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George Fox

George Fox

George Fox (1624 - 1691)

Was an English Dissenter and a founder of the Religious Society of Friends, commonly known as the Quakers or Friends. This was a group the Lord started through the ministry of George Fox. God called him apart from all other forms of Christendom in his day because of the lack of Biblical obedience and holiness.

The emphasis in George Fox's ministry was firstly prophetic. He called out the people of God to show them that they had the Holy Spirit of God and could be taught of Him and not to solely rely on the teachings of ecclesiastical leaders. Secondly, he spoke directly to many ministers in his day to show them they were hirelings and did not have a true shepherds heart for the people of God rather they were seeking after financial gain.

      Founder of the Society of Friends (Quakers). George Fox was born in Drayton-in-the-Clay, Leicestershire, England, the son of Puritan parents. Little is known of his early life, apart from what he wrote in his journal: "In my very young years, I had a gravity and stayedness of mind and spirit not usual in young children. Insomuch that, when I saw old men behave lightly and wantonly toward each other, I had a dislike thereof raise in my heart, and I said within myself, `If ever I come to be a man, surely I shall not do so, nor be so wanton.'"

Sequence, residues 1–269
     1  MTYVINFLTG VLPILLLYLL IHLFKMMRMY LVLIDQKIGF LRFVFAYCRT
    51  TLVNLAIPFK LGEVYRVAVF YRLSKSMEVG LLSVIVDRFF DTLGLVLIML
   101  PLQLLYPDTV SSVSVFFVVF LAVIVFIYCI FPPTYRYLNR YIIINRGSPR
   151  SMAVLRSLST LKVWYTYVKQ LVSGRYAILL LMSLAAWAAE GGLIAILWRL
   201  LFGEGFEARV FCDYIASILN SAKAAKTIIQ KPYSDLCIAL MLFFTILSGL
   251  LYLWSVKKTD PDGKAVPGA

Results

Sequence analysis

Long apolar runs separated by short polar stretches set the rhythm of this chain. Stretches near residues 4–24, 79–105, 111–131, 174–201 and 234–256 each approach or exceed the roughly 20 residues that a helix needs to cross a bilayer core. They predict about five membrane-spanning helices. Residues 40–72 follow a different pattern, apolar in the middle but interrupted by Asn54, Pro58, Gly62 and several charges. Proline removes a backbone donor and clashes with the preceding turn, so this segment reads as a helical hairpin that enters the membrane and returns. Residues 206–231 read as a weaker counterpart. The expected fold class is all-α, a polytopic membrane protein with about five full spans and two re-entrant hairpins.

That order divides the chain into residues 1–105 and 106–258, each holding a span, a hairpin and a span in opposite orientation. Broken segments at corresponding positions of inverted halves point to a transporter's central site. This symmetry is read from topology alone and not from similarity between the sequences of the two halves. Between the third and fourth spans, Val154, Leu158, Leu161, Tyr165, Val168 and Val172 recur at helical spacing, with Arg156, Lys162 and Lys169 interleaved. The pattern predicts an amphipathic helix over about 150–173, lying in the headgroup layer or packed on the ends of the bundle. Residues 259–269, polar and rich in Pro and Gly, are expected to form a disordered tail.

At the age of 19, he gained deep, personal assurance of his salvation and began to travel as an itinerant preacher, seeking a return to the simple practices of the New Testament. He abhorred technical theology, and preached a faith borne of experience, freshly fed and guided by the immediate presence of the Holy Spirit.

      Fox was persecuted almost daily, yet his power of endurance was phenomenal. He was beaten with dogwhips, knocked down with fists and stones, brutally struck with pikestaves, hard beset by mobs, incarcerated eight times in the pestilential jails, prisons, castles and dungeons--yet he went straightforward with his mission as though he had discovered some fresh courage which made him impervious to man's inhumanity.

      He undertook as far as possible to let the new life in Christ take its own free course of development in his ministry. He shunned rigid forms and static systems, and for that reason he refused to head a new sect or to start a new denomination, or to begin a new church. He would not build an organization of any kind. His followers at first called themselves "Children of the Light," and later adopted the name "The Society (or Fellowship) of Friends."

      Fox preached and traveled for 40 years throughout England, Scotland, Holland, and America. His life demonstrated the truth of his famous saying, "One man raised by God's power to stand and live in the same spirit the apostle and prophets were in, can shake the country for ten miles around."

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by George Fox

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